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Bulk Milk Monitoring on NY Dairy Farms

Investigators
Tikofsky, Linda; Schukken, Ynte
Institutions
Cornell University
Start date
2009
End date
2014
Objective
Assessment and application of new technologies that advance mastitis control, milk quality and dairy food safety. For this bulk milk monitoring project we aim to collaborate with the stations in Virginia, Wisconsin and Tennessee and two Canadian members(Prince Edward Island, Calgary). Collaboration will be in the area of test development (multiplex real time qPCR testing for food borne pathogens) and developments of recommendations for pathogens identified through the bulk milk testing program.

Specifically:

  1. Organize 5 Producer Meetings in collaboration with Extension Educators. The goal of these meetings is to inform dairy producers about the availability of bulk milk monitoring tools and to identify potential participants in the research project.
  2. Enroll 100 farms from all regions of the state and across herd size and farm management practices.
  3. Work with Stakeholder advisory committee and Extension Educators to develop and test herd survey and data collection tool for herd visits.
  4. Perform Farm Visits to 100 enrolled farms. Collect herd management data, scoring information and bulk milk samples.
  5. Analyze collected data; identify relevant relationships between herd information and bulk milk testing results. Translate results to the monitoring manual that is continually improved throughout this project.
  6. Report and Present results of research to participating farms, through publications in farmer journals, through peer-reviewed publications and through producer meetings.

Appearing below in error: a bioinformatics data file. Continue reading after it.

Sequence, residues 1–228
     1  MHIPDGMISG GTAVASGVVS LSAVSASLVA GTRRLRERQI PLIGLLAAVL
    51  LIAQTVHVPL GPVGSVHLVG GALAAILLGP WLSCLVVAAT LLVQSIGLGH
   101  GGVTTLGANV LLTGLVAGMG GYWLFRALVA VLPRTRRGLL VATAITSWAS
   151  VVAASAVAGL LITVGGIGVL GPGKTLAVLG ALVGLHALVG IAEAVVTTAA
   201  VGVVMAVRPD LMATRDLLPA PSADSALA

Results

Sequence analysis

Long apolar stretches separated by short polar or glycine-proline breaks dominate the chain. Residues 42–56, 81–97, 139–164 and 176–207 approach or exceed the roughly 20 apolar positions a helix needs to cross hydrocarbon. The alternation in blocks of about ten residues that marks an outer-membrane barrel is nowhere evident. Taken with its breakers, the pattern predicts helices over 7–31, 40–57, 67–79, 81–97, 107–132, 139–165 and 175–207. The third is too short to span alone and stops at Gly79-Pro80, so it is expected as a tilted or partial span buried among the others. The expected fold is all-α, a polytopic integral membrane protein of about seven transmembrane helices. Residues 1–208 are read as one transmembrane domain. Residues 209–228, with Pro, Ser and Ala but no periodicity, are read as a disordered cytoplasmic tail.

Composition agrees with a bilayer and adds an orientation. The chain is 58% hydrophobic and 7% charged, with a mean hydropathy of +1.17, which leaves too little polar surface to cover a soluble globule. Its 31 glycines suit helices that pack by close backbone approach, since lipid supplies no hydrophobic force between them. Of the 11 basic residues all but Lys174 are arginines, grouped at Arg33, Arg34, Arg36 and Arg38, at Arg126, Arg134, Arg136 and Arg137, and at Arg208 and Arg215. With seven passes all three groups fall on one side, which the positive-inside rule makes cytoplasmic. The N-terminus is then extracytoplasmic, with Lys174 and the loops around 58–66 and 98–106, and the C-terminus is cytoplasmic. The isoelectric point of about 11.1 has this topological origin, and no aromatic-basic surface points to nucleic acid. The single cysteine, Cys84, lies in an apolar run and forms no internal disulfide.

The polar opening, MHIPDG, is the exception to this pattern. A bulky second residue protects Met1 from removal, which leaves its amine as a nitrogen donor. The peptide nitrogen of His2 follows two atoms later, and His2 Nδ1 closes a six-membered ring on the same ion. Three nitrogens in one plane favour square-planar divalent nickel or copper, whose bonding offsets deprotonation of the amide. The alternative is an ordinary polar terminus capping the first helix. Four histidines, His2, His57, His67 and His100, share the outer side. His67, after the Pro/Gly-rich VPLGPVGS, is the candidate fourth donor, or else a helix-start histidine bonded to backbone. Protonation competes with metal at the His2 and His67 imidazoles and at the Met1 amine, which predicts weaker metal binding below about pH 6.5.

More information
NON-TECHNICAL SUMMARY: Food safety, emerging animal diseases and bioterrorism threats have the potential of contributing to market volatility, produce unfavorable consumer reactions, create policy debates, spark trade disputes, and contribute to industry frustrations. Globally, consumers are concerned about the safety of the products that they are consuming. The dairy industry strives to meet high demands, expectations, and standards with regard to animal health, food quality, and food safety. It is important for the dairy industry as a whole to pro-actively show a commitment to consumer concerns. Bulk tank monitoring is an easy, timely, and inexpensive monitoring tool for dairy farm managers. The objective of this integrated project is to show the direct correlation between current on-farm practices and bulk tank monitoring results. We will visit 100 dairy farms throughout NY to perform a management survey and observe management practices. This visit will coincide with the collection of bulk milk samples which will be evaluated for animal health , food safety pathogens and milk quality parameters. The survey data will be correlated with the measured parameters in the bulk tank milk. Our extension activities will promote bulk milk monitoring on dairy farms as a rapid detection system with an associated targeted response to changes in animal health status, milk quality and food safety of the farm. We will also use this framework to develop an emergency preparedness system for the dairy industry.

APPROACH: Extension efforts: The team will conduct producer meetings to communicate the value of bulk milk monitoring, including a brief explanation of the importance of testing for each groups of tests. This will be done in close collaboration with veterinary practitioners and Cornell Cooperative Extension dairy teams throughout the state. Going full circle, the final efforts in this project are again in collaboration with CCE bringing all the results and conclusions out to the participants and the dairy industry throughout the state (presentations and articles in Northeast Dairy Business, Country Folks etc.). Research efforts: A total of 100 dairy producers will be enrolled in our research. Farms will be visited and questionnaire data and farm score data will be collected as well as a sample of bulk milk at the time of the visit. Observed practices and farm scores will be related to the results of bulk milk testing. The most important conclusion will be included in a continuously updated bulk milk manual where testing options are explained and intervention methods are advised. Project management: The project team (PI, Co-PI, Research support) will be supported by an advisory board that will provide input, feedback and direction.

Funding Source
Nat'l. Inst. of Food and Agriculture
Project source
View this project
Project number
NYCV-478333
Accession number
218779
Categories
Bacterial Pathogens